Tarini Moghe, a first year masters student in Ayurveda at DY Patil College, Pimpri, Pune, was among the 18 winners of the All-India Ayush Master Chef Competition held during the Global Ayush Investment and Innovation Summit in Gandhinagar, Gujarat . Her award-winning ‘moong-stuffed roll-ups’ entry won her a cash reward of Rs 75,000 as she battled amongst 30 contestants in the final of the contest.
The All India Institute of Ayurveda, New Delhi, had announced a pan-Indian Ayush Master Chef competition on March 31 this year 2022. Within a fortnight, more than 200 participants had sent in their applications for the competition, and 30 names were shortlisted. after screening nominations under different categories, said Dr. Medha Kulkarni, Head of Department of Swastha Vritta (Preventive and Social Medicine).
The Ayush Chef competition, launched by the AIIA in association with the National Institute of Naturopathy (NIN) in Pune and the Central Council for Naturopathic Research, aimed to raise awareness about the nutritional value of forgotten indigenous ingredients and recipes giving them a modern twist and assessing the nutritional value of new-age cooking ingredients.
Under the theme “Ahara for Poshan”, the Master Chef competition had six categories of entries: cereal-based preparations, millet-based preparations, nut/legume-based preparations, fruit/vegetable-based preparations , dairy-based preparations and melting.
The competition aimed to raise awareness of the nutritional value of our indigenous ingredients and recipes and entries were reviewed by an international jury. From the final round, three winners were selected in each of the six categories. A cash prize of Rs. 1 lakh was given to the winner, while Rs. 75,000 and Rs 50,000 were awarded to the first runner-up and second runner-up respectively.
Professor (Dr) Tanuja Manoj Nesari, Director of AIIA, said: “It is heartening to see such an overwhelming response from cooking enthusiasts across the country who have sent us their innovative contributions that bring out the true essence of India’s ancient culinary treasures. ”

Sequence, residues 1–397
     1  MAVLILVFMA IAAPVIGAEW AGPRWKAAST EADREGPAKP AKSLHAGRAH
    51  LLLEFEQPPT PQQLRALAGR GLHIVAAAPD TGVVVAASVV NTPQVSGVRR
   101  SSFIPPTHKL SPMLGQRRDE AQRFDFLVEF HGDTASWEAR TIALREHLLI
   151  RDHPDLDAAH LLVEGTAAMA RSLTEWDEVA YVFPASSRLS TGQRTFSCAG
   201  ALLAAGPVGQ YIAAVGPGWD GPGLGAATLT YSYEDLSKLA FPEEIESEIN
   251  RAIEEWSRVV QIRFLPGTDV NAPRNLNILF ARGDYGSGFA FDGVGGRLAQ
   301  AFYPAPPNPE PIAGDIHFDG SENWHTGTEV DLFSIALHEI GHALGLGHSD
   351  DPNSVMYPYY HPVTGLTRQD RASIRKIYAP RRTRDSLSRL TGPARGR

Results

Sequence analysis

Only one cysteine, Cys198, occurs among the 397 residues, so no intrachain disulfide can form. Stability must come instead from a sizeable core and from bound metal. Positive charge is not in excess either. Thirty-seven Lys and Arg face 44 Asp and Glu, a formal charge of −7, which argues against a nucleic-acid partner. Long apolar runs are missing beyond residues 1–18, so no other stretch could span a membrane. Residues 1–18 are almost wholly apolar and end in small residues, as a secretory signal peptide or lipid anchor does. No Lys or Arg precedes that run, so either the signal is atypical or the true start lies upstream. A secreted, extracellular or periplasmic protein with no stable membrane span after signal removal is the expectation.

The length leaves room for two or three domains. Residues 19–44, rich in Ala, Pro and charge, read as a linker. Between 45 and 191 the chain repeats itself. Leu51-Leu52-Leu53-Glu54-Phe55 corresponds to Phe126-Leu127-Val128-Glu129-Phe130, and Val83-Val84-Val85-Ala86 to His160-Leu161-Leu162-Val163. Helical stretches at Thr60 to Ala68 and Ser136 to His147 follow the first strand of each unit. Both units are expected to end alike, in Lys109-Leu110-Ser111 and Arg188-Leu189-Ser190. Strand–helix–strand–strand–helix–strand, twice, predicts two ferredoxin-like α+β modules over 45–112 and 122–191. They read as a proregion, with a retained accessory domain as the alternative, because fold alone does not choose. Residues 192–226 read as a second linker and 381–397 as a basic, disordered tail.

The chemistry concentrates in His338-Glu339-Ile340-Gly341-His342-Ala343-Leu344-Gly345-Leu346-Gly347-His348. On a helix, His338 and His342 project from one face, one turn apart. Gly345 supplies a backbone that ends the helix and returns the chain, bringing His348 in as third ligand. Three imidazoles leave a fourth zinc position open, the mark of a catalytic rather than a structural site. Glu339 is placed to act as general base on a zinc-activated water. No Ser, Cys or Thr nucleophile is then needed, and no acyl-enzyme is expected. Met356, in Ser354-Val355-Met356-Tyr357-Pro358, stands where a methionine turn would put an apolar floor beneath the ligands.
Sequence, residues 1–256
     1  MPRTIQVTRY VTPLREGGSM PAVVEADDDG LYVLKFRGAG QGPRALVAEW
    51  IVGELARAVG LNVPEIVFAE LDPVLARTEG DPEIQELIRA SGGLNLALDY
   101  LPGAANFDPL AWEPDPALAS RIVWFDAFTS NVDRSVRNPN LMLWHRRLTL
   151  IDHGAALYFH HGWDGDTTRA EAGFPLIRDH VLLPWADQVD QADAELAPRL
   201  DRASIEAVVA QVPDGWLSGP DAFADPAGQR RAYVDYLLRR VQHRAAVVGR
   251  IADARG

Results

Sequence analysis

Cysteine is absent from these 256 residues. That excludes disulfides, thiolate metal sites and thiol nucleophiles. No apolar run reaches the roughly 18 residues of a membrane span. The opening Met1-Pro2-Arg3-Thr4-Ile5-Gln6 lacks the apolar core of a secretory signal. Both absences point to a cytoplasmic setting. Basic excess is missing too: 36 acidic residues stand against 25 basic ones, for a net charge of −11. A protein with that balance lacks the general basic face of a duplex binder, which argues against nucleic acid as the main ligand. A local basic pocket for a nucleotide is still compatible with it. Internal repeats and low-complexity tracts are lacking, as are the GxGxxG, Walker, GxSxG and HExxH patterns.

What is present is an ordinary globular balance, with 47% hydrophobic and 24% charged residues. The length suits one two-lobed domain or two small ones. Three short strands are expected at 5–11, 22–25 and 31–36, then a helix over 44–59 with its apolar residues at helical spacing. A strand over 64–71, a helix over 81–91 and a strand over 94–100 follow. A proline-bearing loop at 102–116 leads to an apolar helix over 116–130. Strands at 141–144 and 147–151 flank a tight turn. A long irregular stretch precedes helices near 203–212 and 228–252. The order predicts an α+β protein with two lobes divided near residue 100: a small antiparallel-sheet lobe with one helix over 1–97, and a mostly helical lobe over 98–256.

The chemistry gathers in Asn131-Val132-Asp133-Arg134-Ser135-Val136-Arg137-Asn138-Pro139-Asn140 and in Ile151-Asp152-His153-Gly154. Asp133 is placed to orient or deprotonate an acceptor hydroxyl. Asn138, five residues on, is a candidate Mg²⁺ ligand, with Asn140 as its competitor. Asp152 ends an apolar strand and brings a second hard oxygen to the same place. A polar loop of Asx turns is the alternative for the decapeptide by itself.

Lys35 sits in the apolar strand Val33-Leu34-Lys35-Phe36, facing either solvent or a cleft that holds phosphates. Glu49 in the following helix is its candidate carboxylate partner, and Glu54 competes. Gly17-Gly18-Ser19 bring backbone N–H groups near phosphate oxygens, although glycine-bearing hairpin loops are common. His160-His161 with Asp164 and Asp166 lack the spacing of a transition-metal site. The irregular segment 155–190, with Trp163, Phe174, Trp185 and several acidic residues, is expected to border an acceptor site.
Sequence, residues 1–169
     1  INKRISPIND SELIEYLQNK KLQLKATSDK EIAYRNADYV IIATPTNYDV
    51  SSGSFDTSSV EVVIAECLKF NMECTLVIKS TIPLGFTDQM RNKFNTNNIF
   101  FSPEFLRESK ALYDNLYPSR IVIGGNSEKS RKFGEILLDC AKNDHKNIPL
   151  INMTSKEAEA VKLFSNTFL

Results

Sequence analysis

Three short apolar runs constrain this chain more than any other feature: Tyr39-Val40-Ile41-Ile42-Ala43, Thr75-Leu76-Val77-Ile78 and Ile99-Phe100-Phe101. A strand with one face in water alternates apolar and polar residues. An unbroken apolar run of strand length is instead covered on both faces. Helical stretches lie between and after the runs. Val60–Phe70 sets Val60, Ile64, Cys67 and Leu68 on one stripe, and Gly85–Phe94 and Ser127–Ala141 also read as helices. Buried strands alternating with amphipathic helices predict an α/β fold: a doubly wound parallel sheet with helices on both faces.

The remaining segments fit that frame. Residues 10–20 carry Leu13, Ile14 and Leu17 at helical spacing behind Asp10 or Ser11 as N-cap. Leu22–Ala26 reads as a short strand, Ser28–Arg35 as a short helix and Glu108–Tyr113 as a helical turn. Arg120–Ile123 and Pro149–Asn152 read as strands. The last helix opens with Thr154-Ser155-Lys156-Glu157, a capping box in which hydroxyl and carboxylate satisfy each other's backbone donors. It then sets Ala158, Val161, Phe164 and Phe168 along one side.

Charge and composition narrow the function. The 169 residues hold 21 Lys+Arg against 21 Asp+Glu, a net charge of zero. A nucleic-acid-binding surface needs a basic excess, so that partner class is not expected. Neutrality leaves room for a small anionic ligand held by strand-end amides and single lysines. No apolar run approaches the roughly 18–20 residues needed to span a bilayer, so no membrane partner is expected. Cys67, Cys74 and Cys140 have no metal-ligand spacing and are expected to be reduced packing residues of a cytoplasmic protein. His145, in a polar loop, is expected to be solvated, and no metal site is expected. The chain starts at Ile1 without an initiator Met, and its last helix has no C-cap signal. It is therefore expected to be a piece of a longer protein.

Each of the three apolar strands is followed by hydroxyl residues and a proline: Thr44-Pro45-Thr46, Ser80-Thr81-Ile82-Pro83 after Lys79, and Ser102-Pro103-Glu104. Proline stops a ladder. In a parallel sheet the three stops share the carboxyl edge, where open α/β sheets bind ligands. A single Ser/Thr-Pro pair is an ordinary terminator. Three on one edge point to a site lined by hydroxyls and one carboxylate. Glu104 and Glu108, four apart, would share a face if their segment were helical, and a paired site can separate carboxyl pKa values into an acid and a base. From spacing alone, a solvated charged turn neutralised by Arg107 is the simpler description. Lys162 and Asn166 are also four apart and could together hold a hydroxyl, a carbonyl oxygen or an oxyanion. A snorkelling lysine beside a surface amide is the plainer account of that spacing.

Of 203 entries received in six categories, 28 entries were from grains, 47 from millets, 26 from nuts/legumes, 26 from fruits/vegetables, 10 from dairy and 66 from the fusion category. Participation was seen in 15 states in India as well as overseas – Maharashtra (41), Gujarat (30), Karnataka (29), Tamil Nadu (23), Uttar Pradesh (23), Delhi (23 ), Uttar Pradesh (15), Uttarakhand (11), Madhya Pradesh (9), Kerala (5), Bihar (4), Odisha (2), Rajasthan (2), Goa (1), West Bengal (1) and Haryana (1). Two entries were received from France in the French language with English subtitles.
The participants came from various professional categories, including Ayurveda practitioners, teaching staff, chefs, Unani practitioners, housewives, dieticians, agronomists, engineers, pharmacists, filmmakers, trainers in stress management, entrepreneurs and others. For example, Kevin Auzou from Nice, France, who has studied Ayurveda for ten years and spends six months every year in Gandhinagar training under the guidance of Vaidya Ashwin Barot was among the 30 participants in the final round. “I make kichadi masala,” he said as Tarini used green moong (soaked overnight, sprouted and boiled) to make a mixture with carrots, flax seeds to roll in a layer of flour of moong and buttermilk. “I am really happy. This summit provided many opportunities related to traditional medicine systems,” she added.